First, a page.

"Father of American Wrestling"
Born February 15, 1861 in a log cabin to poor Irish immigrants, Martin J.
Burns rose to fame & Farmer Burns. Strong from farm chores, eight-year-old
Martin began his career winning fifteen cents: his first wrestling match.
Though small at 165 pounds, Burns was quick, wiry, and a master of
submissions. He used superior conditioning and strategy to wear down and
defeat larger and stronger frontier brawlers. Burns was U.S. heavyweight
champion from 1895 to 1898. Burns won over 6,000 matches losing only seven
times in his career. He held three world titles at one time: middleweight,
light-heavyweight, and heavyweight.
Burns' greatest contribution was as teacher of scientific wrestling.
Self-taught Martin never had a coach of his own; he invented many of his
famous throws and holds. He was far ahead of his time in teaching technique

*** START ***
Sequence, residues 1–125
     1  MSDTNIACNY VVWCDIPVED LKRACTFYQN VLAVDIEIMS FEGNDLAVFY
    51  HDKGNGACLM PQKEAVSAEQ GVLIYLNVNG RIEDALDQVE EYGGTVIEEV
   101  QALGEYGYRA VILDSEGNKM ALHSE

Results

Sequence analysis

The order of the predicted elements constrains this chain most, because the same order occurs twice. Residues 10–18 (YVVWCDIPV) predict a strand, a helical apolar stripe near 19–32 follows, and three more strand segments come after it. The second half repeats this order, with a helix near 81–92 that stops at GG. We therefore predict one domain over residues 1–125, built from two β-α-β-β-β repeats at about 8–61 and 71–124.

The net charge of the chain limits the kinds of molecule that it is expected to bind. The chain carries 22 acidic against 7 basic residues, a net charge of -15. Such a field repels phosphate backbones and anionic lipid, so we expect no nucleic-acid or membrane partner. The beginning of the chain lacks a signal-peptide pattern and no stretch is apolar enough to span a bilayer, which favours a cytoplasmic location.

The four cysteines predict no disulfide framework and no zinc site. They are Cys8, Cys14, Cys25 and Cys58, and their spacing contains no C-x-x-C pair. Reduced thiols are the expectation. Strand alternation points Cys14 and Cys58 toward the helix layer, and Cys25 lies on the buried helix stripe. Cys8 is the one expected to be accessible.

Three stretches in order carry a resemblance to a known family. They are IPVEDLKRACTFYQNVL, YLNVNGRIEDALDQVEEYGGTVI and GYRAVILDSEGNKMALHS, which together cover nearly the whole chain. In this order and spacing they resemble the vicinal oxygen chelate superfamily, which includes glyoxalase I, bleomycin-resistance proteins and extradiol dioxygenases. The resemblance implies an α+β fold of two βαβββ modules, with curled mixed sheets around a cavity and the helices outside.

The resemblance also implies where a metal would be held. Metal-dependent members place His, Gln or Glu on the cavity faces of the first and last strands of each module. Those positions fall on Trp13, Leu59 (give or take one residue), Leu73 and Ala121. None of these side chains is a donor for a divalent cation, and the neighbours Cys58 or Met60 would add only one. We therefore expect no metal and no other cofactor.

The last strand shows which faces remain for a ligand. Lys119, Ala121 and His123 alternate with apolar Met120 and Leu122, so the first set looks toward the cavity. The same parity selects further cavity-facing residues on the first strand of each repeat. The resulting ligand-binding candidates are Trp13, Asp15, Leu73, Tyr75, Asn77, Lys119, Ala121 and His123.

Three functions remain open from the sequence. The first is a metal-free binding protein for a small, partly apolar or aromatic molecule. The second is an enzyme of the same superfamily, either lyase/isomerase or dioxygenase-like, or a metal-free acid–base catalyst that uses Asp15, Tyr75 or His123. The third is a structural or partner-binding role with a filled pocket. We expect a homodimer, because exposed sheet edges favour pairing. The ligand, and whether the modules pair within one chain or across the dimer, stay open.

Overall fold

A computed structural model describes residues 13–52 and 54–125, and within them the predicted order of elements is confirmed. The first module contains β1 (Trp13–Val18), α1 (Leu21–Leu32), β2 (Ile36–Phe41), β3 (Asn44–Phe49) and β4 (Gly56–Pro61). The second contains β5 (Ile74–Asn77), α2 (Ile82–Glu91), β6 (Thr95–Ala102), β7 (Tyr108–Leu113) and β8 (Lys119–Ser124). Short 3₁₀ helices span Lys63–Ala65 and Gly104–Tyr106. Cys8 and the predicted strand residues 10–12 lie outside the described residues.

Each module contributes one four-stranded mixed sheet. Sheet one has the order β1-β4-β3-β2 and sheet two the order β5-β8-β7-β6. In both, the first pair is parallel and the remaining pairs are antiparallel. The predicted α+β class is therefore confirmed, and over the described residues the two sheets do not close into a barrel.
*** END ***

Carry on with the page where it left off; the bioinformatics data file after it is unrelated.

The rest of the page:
and physical training. His School for Wrestling in Omaha was the best known
in America introducing thousands to scientific wrestling and uplifting the
sport. World Champions Frank Gotch and Earl Caddock were his most famous
Martic never drank, smoked, or swore. His lifelong conditioning was superb;
he was always in shape and ready for a match. From his autobiography: "If
you wish to have a healthy body that will quickly obey the orders of the
brain, exercise your body in the open air; keep the mind in action with_
pleasant, hopeful plans of the future."
Martin Burns is buried in Toronto, Iowa. The people of Iowa placed this
memorial on Martin"s grave, "Farmer Burns World's Champion Wrestler
-from John Rauer's 2001 Historic World Champions Card Set